With all the intolerance from those claiming to have the only path to truth, from Inquisitors to radical Muslim terrorists to just about every mainline religion or belief system you can come up with, why should we be restricted to only one truth? Who says that I am right and you are wrong, or vice versa? Why can’t we all choose our own perspectives and what works in our lives?

This belief in diversity of truth – that each of our perspectives is right for each of us – is popular with Americans; in a 2005 poll, eight in ten of us believe that there is more than one path to salvation. Many people are mixing-and-matching tenets from many different religions – Christianity, Buddhism, New Age, Kabbalism, etc. – and creating their own unique, personalized beliefs. It’s both mainstream and feels good – but is it true?

How do we know that each of our perspectives is as equally valid as the next one? Was Hitler and the SS’s perspective valid for them when they believed killing Jews was right? If we follow our feelings to tell us what is true, then how would a sadist know that his hurtful actions, which fulfill him and give him pleasure, are wrong and false? In a world were each of our beliefs is good for us but not universally true for others, who can tell Hitler and the sadist that they are wrong?

Let’s think of differing perspectives like different eyewitnesses of an armed robbery. One evening at 6:47 p.m., three men in dark blue clothing with machine guns hold up an armored truck parked outside Walmart. Witnesses see the same event, but from different perspectives. One witness thinks that the men are dressed in black; another thinks they are in dark green. One says there was only one man waving a gun; another mentions only two. One witness says the robbery took place at 7 p.m., another says a quarter to 7, and a third says he looked at his watch and it was at 5:47 p.m. – he had forgot to fix his watch to Daylight Savings Time!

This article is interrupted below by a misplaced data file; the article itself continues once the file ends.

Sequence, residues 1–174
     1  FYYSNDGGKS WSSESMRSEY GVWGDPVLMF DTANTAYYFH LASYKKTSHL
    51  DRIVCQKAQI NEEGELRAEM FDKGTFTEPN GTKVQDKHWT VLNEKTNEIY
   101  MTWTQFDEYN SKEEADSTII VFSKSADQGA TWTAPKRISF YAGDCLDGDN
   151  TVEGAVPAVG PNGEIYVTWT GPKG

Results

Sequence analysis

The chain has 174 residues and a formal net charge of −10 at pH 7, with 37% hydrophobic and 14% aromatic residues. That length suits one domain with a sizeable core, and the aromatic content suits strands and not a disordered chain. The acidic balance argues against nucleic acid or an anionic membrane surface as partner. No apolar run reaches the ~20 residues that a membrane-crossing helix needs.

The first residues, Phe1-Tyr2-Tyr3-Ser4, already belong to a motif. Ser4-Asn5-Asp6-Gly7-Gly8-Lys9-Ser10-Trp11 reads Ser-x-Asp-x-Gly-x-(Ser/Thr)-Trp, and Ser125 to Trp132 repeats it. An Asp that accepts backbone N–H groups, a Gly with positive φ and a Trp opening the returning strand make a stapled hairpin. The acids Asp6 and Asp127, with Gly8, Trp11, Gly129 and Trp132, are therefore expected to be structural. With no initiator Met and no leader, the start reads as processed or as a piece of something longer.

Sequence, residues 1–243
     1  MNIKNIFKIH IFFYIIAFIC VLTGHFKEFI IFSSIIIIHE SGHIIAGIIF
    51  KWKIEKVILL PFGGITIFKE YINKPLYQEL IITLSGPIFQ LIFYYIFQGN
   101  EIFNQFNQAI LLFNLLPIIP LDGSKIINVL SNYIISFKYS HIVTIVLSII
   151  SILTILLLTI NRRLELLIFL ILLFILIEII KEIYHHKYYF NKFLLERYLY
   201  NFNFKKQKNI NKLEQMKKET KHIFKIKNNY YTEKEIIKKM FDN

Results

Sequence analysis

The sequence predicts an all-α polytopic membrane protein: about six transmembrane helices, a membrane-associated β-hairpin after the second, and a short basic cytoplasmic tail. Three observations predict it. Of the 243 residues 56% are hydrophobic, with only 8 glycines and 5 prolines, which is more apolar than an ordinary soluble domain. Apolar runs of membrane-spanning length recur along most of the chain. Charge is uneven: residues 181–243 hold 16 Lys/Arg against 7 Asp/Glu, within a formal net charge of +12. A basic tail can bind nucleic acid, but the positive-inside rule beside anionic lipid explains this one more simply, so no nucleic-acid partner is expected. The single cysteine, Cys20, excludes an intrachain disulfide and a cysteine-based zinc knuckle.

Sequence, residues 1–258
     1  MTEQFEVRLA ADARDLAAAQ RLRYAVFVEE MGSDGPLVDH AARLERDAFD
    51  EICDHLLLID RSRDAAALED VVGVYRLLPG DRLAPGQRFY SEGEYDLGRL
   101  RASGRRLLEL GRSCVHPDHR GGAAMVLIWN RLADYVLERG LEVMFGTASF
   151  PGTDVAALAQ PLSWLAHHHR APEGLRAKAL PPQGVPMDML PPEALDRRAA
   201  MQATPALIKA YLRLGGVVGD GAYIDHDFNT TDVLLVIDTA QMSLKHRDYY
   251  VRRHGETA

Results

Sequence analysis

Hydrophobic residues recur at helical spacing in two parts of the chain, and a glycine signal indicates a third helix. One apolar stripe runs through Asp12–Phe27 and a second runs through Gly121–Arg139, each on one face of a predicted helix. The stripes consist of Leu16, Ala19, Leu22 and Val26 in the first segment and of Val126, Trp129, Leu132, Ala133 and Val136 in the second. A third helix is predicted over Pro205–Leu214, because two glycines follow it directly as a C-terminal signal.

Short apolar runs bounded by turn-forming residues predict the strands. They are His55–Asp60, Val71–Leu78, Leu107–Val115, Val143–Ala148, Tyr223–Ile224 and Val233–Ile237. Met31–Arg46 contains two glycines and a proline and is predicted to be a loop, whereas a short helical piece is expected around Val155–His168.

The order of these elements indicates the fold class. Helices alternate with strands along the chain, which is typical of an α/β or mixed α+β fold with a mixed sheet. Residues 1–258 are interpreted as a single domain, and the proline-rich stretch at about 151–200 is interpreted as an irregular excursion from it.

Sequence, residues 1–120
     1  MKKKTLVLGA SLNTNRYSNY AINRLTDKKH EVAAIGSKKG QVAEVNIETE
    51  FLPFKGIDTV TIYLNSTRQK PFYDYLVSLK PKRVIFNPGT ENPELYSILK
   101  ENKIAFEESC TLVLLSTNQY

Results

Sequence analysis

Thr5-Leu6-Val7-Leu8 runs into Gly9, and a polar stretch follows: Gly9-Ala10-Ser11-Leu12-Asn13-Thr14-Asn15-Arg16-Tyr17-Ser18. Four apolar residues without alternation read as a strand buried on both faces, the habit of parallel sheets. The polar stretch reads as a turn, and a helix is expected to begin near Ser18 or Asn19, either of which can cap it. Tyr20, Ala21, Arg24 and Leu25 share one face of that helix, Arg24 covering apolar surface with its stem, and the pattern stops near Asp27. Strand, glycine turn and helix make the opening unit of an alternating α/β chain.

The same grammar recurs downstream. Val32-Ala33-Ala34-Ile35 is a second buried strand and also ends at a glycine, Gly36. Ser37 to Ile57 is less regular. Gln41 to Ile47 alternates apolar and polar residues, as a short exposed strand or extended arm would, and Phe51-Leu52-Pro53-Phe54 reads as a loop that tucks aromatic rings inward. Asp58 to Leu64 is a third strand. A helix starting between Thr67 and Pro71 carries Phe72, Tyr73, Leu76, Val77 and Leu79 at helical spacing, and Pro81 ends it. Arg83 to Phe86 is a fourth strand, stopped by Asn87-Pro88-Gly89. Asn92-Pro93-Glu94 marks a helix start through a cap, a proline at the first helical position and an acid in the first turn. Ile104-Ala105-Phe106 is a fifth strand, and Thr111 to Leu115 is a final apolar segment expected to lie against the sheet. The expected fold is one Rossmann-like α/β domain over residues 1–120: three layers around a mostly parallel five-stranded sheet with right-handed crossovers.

All of these perspectives are different as they try to explain the same reality. Which is true? Simple: The one that is closest to reality! No matter how the witnesses felt about what they saw, the truth of each of their perspectives depended on whether it agreed with what actually happened. If a witness thought he saw a man with a dark green shirt, his view is more untrue than someone who thought the shirt was blue as it actually is. Each perspective is only as true as it corresponds with reality.

So how do we know which view represents reality? Since each of us is a fallible human being, how can we be sure we have found the actual truth? Yet if there exists a perfect, all-good God who created all of reality, then He would know reality perfectly. And if He decided to reveal Himself to us, then He can tell us about reality as it truly is without falsity mixed in – His perspective would be the ultimate truth.

Many claim to have this truth from God, but often they ask us to believe them based on subjective standards for truth. For example, the Book of Mormon says that if you pray sincerely to God to show its truth to you, then God will indicate its truth in your heart. Yet how can we know if we are not deceiving ourselves through our feelings? The Koran says that its Divine inspiration is shown through the incomparable beauty of its poetry and words, which it claims cannot be duplicated by anyone. Yet the beauty of literature is subjective – what is beautiful to one person can be ugly to another. Nor can most of the world even test this claim, since most do not know Arabic and thus cannot test the Koran in its original language, and nor can only Arabic-speakers compare the Koran’s Arabic beauty to a work in another language, such as Shakespeare’s plays. Thus, these claims are hard to test against reality.